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PARIS — If there’s a motto for L’Oréal in this, its centennial year, it could be “leaner and meaner.”
The world’s largest beauty company this year plans to up its advertising outlay while at the same time cutting its number of stockkeeping units, introducing lower-priced items, implementing a hiring freeze in certain markets and focusing on innovative products, L’Oréal chief executive officer Jean-Paul Agon told financial analysts at a meeting Tuesday at the firm’s headquarters in Clichy, just outside of Paris.
For 2009, Agon said L’Oréal’s organic growth should rise faster than the cosmetics market overall, which is expected to remain positive despite a difficult first quarter and half. He anticipates gains from the integration of YSL Beauté, a more positive monetary effect and the company’s consumer products and active cosmetics, for instance.
“The greatest uncertainty is in luxury products, for which it is harder to make any kind of forecast,” he said.
As reported, L’Oréal posted 2008 net profits that fell 26.6 percent year-on-year to 1.95 billion euros, or $2.87 billion at average exchange. The company’s full-year revenues came in at 17.54 billion euros, or $25.81 billion, up 2.8 percent.
L’Oréal’s net profits excluding nonrecurrent items after minority interests rose 1.2 percent to 2.06 billion euros, or $3.04 billion. Its earnings per share gained 3.8 percent to 3.49 euros, or $5.14. (At constant exchange, the increase was 6.8 percent.) Operating cash flow was 1.85 billion euros, or $2.72 billion, down 9.1 percent.
“In 2008, as did a number of other companies, L’Oréal faced an extremely difficult environment with a slowdown in markets and also inventory reductions by our distributor customers who themselves were subjected to very difficult financial pressures,” said Agon. “Because of this particularly adverse environment, our organic growth slowed down to 3.1 percent in line with the estimated growth in the worldwide market.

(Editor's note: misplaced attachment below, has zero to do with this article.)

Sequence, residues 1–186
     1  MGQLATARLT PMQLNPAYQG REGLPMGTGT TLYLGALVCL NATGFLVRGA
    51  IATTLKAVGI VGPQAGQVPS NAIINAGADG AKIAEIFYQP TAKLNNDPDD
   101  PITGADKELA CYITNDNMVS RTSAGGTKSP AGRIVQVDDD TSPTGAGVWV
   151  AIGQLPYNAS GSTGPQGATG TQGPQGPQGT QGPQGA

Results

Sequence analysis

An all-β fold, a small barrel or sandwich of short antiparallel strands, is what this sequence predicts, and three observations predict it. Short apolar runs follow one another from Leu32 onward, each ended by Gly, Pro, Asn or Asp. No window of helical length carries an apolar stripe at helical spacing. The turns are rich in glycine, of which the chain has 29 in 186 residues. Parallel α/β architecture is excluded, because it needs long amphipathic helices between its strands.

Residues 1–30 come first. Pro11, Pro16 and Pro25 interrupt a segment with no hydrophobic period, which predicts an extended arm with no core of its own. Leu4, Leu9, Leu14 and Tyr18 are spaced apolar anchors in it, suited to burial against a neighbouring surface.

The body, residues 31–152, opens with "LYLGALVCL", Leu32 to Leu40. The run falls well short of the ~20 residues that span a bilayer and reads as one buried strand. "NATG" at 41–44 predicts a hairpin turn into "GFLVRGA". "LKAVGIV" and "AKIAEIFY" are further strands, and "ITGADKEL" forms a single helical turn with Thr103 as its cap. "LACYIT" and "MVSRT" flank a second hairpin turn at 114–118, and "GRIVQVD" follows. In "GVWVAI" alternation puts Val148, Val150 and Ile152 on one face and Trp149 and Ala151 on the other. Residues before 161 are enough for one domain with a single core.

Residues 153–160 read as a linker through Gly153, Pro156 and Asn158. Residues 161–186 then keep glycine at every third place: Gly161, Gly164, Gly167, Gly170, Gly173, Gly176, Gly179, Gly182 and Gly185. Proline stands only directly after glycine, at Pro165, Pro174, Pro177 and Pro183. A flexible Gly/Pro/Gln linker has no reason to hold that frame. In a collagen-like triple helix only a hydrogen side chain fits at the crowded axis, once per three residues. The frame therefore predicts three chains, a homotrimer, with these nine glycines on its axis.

“Generally speaking, however, we put up good resistance,” he continued, explaining the company maintained its market share and in some cases grew it. “Overall, therefore, in a particularly difficult world economic environment, the L’Oréal group has continued its growth, but rates were highly differentiated by division and by region because there were great differences in the effect of the economic crisis in each case.
“In North America, where our sales trend was minus 4.8 percent, the crisis had a violent impact on both consumers and distributors,” said Agon. “Our market share declined slightly in luxury products because of promotional pressure from our competitors. On the other hand, we have held onto and even strengthened our positions in the mass market.
“The difficulties in the United States had a severe impact on the group’s overall growth in 2008, and if North America is excluded, L’Oréal’s growth rate would have been 5.1 percent,” he added, explaining other regions, such as Asia, had a good performance.
Agon said despite troubles in North America, L’Oréal has “conserved our growth-driving resources, and we ended this year with the best possible conditions to prepare for 2009. We consider that we are very well-equipped to tackle this new year while being aware of the fact that the economic climate will continue to be difficult at least until the summer.”
Agon said L’Oréal’s advertising and promotional spending has remained at the same level for several years as a percentage of sales despite a continuous and significant decline in the cost of media, plus point-of-sale and promotional items.